Coal is taking a beating. As mining costs rise, coal reserves deplete, emission regulations strengthen, and inter-fuel competitive dynamics change, the allocation of coal in the electric...
Coal Sets Sail
Global markets affect domestic prices, exports and infrastructure.
times. As more coal is exported, the European supply situation is rippling across the Atlantic to the United States: Supplies from traditional sources have been diverted to non-traditional customers, leaving U.S. supply constrained while demand shows no signs of slowing.
This has resulted in major price increases domestically. All five major U.S. coal-producing basins have seen average price increases since March, 2007, ranging from approximately 60 percent to over 200 percent. Coals being exported—CAPP and NAPP coals—are the coals seeing the most impressive price increases, while other coals have showed smaller, though still significant gains.
Due to Australia’s contribution of met coal to the global market, the global supply crunch also has impacted the met market. For the purposes of domestic pricing, one must take into account mines that might be referred to as “switch hitters.” These are mines that normally supply the domestic thermal coal market, but are able to sell their coal in the met market during times of high demand, despite coal qualities not being optimal for metallurgical purposes when supply is sufficient.
These switch hitters are subject to steam coal contracts that must be honored. However, some met coal currently is being sold at over $300/ton, much higher than “normal” levels. Given this scenario, switch hitters may earn higher profits if they sell their production into the met market. But contracts still must be honored, which means they’ll go into the U.S. spot market and purchase thermal coal to ship to their contract customers. This increases the demand for thermal coal in the U.S. spot market and helps buoy thermal prices to some degree.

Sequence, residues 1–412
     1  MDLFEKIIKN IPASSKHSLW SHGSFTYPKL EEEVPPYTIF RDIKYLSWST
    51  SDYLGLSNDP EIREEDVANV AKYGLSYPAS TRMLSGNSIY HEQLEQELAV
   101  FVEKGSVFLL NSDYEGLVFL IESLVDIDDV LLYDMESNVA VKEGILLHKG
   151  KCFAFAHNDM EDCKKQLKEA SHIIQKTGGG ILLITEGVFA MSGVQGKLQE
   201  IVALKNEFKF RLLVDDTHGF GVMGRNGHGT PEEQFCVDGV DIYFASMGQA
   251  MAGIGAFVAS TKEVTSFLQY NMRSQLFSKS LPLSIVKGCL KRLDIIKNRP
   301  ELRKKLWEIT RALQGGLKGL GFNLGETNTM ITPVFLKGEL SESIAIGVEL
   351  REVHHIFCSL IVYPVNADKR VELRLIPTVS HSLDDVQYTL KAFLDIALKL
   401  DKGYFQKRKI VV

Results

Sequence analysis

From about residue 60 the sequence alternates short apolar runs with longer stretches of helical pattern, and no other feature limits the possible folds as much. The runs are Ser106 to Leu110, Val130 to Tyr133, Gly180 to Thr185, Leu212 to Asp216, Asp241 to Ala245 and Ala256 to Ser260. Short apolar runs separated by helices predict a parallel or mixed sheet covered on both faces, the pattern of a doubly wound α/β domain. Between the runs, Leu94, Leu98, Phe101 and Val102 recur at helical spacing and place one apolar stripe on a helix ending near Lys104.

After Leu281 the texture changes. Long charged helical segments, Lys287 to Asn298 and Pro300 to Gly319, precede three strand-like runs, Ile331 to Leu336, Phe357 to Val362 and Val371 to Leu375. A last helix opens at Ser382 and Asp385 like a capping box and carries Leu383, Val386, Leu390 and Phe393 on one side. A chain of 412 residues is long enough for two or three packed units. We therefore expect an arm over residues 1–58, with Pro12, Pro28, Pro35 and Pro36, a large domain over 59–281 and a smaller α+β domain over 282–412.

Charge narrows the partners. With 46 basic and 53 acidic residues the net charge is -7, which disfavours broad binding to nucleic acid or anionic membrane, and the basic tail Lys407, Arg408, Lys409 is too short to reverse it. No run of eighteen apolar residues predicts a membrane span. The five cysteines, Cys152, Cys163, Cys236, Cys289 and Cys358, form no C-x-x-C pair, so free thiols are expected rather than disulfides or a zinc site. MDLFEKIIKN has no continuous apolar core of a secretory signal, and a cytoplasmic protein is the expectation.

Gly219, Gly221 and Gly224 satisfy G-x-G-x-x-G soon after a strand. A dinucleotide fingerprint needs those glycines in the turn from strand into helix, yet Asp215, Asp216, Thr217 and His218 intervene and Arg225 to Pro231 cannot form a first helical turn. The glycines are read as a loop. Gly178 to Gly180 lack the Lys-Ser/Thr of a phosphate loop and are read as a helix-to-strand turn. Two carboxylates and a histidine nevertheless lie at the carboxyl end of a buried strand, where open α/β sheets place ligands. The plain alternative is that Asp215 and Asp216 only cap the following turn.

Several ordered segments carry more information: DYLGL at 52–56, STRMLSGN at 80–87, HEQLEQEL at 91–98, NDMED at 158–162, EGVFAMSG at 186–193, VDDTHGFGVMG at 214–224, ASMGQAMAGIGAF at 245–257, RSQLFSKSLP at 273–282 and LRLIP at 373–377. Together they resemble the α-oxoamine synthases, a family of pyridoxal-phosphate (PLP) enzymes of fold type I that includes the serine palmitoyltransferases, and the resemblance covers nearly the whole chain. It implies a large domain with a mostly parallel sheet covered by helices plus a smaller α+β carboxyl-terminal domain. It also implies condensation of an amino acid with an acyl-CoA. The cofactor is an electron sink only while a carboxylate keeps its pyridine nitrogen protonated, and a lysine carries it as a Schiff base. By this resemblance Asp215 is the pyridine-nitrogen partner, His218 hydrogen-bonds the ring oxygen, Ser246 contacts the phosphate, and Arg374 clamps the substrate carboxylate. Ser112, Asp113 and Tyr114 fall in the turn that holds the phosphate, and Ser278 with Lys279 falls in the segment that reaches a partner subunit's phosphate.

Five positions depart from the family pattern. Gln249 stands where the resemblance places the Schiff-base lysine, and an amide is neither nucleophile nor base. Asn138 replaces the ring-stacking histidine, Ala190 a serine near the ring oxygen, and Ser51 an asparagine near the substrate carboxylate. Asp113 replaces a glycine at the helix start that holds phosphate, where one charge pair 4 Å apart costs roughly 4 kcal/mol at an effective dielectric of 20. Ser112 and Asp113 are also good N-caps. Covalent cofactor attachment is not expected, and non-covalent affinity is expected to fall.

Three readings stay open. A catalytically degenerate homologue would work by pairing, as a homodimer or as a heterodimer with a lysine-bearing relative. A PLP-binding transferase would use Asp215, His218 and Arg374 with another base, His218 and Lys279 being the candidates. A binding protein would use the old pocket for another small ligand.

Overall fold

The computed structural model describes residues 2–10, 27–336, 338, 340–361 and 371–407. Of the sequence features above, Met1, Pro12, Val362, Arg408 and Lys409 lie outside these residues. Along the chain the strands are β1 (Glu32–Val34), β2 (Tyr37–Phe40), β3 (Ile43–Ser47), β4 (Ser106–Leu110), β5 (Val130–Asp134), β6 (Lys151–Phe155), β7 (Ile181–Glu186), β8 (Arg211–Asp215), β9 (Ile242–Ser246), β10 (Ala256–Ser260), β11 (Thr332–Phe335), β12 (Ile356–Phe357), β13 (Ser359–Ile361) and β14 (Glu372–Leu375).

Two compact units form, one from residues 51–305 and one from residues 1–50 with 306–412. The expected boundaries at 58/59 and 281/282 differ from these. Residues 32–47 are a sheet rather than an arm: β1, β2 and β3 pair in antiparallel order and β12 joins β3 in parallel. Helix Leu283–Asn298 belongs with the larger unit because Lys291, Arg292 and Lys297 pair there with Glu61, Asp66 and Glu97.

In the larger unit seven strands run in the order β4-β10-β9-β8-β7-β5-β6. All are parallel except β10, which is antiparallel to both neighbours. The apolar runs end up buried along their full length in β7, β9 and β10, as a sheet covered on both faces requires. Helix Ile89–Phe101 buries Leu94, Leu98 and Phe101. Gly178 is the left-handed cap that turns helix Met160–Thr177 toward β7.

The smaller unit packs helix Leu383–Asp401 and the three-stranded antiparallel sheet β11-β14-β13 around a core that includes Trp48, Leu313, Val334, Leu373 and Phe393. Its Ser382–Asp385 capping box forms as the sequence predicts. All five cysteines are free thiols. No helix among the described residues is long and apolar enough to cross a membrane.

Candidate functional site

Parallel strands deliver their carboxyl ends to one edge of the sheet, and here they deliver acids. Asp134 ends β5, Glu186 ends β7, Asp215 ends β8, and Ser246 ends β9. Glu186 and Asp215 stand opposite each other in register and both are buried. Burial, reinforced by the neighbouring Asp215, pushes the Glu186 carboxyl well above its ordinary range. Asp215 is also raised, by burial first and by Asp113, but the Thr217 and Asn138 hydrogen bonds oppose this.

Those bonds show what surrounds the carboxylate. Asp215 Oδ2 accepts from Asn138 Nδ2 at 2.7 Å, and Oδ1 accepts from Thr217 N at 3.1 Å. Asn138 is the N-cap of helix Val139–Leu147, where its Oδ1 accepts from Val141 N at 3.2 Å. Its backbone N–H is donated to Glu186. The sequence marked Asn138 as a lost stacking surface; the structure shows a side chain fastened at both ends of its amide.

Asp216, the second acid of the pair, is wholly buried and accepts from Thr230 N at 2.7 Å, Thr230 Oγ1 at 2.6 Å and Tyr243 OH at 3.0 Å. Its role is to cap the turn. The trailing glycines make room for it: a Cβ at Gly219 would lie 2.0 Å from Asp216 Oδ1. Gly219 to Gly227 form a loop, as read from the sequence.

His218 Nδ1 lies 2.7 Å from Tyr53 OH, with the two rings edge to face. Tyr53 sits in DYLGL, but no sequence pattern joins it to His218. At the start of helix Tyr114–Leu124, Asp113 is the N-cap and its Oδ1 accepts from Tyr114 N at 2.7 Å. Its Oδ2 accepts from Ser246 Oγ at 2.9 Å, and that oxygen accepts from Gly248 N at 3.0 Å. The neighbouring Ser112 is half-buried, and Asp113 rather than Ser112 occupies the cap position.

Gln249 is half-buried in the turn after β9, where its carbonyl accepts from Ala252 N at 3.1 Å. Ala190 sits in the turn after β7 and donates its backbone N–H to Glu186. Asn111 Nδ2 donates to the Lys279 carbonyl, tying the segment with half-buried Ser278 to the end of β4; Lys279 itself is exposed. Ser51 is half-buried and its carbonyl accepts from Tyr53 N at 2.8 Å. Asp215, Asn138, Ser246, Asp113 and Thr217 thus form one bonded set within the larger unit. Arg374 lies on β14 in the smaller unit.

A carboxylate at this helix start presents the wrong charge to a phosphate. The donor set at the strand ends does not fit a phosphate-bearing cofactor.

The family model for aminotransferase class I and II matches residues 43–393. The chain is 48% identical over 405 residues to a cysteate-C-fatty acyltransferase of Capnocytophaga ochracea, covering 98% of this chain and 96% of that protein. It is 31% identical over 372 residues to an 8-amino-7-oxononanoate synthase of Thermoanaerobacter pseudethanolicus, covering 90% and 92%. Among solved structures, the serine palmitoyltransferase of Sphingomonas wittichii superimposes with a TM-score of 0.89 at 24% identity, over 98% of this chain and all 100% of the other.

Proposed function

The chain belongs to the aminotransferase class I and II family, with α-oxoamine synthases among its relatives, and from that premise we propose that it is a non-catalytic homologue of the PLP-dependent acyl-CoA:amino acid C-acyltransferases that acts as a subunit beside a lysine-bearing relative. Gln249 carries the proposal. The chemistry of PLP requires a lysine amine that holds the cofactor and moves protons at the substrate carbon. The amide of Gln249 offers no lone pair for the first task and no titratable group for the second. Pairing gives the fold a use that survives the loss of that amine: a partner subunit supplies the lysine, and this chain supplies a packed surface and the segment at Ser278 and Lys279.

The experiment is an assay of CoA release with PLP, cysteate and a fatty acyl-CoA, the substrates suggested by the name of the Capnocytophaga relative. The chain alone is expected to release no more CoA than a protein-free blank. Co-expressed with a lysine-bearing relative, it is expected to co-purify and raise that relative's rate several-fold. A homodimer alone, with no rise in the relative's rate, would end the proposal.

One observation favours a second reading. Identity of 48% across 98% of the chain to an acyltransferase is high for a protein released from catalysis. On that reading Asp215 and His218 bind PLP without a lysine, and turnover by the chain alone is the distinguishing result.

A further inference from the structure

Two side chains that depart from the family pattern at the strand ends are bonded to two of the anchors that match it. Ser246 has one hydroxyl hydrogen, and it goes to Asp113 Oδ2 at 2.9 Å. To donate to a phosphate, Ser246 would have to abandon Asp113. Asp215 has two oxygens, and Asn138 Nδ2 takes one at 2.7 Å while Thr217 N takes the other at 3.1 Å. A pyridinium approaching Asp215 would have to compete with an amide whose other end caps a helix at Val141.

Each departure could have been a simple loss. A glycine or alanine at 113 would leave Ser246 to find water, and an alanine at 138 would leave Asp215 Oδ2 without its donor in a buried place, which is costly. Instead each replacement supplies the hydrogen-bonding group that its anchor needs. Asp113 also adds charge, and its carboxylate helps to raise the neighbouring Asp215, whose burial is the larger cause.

Though the met market certainly has the ability to impact domestic thermal prices, the implications of the relationship between global supply and demand of thermal coal (and thus coal prices) and domestic U.S. coal prices are much more extensive. As global supply rebounds, ARA prices will drop. Domestic supply in the U.S. will increase due to a decrease in exports, as well as switch hitters returning to their traditional practices of supplying contract customers with normal production. The result will be a decrease in domestic prices. Thus, even as prices abroad decrease from current levels, the still-escalated price will continue drawing major exports from the United States. High-quality coal producers have tasted the high profit margins in the export market and only severe reductions in price will halt their willingness to sell in the Atlantic market.
Pricing Affects Exports
But how high do export prices need to be to support escalated levels of exports? Utilizing recent mine-cost capacity data, the availability of U.S. thermal-coal production capacity can be determined at varying price levels, and transportation costs associated with moving coal from eastern mines to export terminals can be estimated. For this analysis, the 2008 average Atlantic shipping rate was forecasted to be $34.39/ton, with an average 2008 rail rate of $25/ton to Eastern ports. Based on this analysis, it appears that if the ARA spot price is above $110/ton, then the vast majority of CAPP and NAPP producers profitably could market their coal in